UK and allies reveal global scale of Chinese cyber campaign

December 20, 2018 –

Along with its allies, the UK has announced that a group known as APT 10 acted on behalf of the Chinese Ministry of State Security to carry out a malicious cyber campaign targeting intellectual property and sensitive commercial data in Europe, Asia and the US.

The National Cyber Security Centre (NCSC) assesses with the highest level of probability that the group widely known as APT 10 is responsible for this sustained cyber campaign focused on large-scale service providers. The group almost certainly continues to target a range of global companies, seeking to gain access to commercial secrets.

This campaign shows that elements of the Chinese government are not upholding the commitments China made directly to the UK in a 2015 bilateral agreement. It is also inconsistent with G20 commitments that no country should conduct or support ICT enabled theft of intellectual property, including trade secrets or other confidential business information.

Foreign Secretary, Jeremy Hunt said:

This campaign is one of the most significant and widespread cyber intrusions against the UK and allies uncovered to date, targeting trade secrets and economies around the world.

These activities must stop. They go against the commitments made to the UK in 2015, and, as part of the G20, not to conduct or support cyber-enabled theft of intellectual property or trade secrets.

Our message to governments prepared to enable these activities is clear: together with our allies, we will expose your actions and take other necessary steps to ensure the rule of law is upheld.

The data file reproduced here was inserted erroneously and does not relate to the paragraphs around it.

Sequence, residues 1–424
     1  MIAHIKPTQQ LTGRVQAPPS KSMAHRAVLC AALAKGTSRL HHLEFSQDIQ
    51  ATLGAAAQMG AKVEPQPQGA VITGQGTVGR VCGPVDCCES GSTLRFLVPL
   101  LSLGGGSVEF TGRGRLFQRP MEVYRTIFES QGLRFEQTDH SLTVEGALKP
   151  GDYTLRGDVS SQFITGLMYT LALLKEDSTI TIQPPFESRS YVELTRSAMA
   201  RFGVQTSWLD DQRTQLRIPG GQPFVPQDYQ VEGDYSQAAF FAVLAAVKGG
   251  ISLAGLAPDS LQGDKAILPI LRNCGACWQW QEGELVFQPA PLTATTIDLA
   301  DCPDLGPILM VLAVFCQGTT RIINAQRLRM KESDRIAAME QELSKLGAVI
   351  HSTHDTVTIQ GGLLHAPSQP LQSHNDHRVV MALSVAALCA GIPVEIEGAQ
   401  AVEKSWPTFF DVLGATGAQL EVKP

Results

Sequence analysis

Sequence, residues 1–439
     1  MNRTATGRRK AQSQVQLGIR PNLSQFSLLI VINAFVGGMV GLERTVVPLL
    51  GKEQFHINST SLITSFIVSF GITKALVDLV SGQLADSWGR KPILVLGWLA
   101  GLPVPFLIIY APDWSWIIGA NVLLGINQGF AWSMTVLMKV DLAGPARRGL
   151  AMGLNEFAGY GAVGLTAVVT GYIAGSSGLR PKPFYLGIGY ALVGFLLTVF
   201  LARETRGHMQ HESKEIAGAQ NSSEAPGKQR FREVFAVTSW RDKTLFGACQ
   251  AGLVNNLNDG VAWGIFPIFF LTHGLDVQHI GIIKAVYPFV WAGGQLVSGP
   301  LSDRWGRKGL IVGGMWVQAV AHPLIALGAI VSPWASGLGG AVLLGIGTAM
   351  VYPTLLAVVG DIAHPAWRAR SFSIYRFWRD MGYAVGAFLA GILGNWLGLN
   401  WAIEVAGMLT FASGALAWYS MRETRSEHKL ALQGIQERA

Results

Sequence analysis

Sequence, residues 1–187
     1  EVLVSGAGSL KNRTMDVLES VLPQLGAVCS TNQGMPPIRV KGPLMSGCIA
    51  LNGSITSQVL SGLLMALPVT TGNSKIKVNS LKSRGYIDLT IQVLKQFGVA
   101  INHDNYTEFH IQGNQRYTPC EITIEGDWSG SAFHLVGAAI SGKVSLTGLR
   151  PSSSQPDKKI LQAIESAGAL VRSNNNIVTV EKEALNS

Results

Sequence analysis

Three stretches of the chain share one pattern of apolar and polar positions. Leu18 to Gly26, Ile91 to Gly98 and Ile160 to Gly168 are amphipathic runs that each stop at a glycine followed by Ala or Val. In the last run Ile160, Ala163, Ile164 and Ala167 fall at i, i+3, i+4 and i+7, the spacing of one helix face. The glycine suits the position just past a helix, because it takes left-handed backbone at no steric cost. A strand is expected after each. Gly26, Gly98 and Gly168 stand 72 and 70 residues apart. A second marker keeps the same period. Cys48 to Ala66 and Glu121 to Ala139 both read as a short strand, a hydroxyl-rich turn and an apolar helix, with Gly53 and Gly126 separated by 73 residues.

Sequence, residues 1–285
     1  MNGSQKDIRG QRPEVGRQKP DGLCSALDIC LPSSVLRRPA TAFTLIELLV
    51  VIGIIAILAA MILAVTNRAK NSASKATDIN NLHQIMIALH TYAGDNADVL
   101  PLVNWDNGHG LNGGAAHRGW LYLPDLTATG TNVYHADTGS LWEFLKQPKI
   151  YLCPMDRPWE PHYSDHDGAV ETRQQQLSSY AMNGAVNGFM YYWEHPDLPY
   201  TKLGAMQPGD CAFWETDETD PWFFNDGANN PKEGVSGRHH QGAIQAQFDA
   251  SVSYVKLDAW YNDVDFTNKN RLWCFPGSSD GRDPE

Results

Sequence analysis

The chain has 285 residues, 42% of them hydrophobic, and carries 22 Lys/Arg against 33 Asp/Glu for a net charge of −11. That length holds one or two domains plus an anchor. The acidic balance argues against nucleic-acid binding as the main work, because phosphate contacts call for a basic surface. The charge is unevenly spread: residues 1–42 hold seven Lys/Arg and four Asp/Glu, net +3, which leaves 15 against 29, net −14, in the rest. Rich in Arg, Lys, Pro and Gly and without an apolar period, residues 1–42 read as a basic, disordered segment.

The UK is committed to upholding the rules-based international order, which underpins the peace, security and prosperity of the whole world. With its allies, the UK is once again demonstrating that the international community will not hesitate to call out state-sponsored cyber campaigns.

The government will take forward further engagement with service providers to ensure they have robust protections in place against continuing and emerging cyber threats – it is clear that in some cases basic cyber security measures are still not being taken, and this is not acceptable. In the New Year, there will be a roundtable hosted by the government and NCSC inviting a broad range of senior representatives from suppliers to government, including managed service providers and service integrators. Together the community will discuss the necessary step change that is required in contracting and security controls to tackle cyber threats to government and beyond.

The UK’s National Cyber Security Centre assesses that APT 10 was almost certainly responsible for a campaign of activity against global Managed Service Providers (MSPs) since at least 2016, widely known as Cloud Hopper. This targeted intellectual property and commercially sensitive information of the MSPs and their clients. It is highly likely that these accesses were used to engage in commercial espionage.

The NCSC assesses that it is highly likely that APT 10 has an enduring relationship with the Chinese Ministry of State Security, and operates to meet Chinese State requirements. Given the high confidence assessment and the broader context, the UK government has made the judgement that the Chinese Ministry of State Security was responsible.

This is the first time that the UK government has publicly named elements of the Chinese government as being responsible for a cyber campaign. It has previously attributed:

  • the WannaCry ransomware incident to North Korean actors;
  • a multi-year computer network exploitation campaign targeting universities around the world, including the UK, to the Mabna Institute based in Iran; and
  • a series of attacks including NotPetya, the WADA hack and leak and BadRabbit to the GRU (Russian Military Intelligence).

The NCSC published guidance to mitigate against this campaign targeting MSPs on 3 April 2017.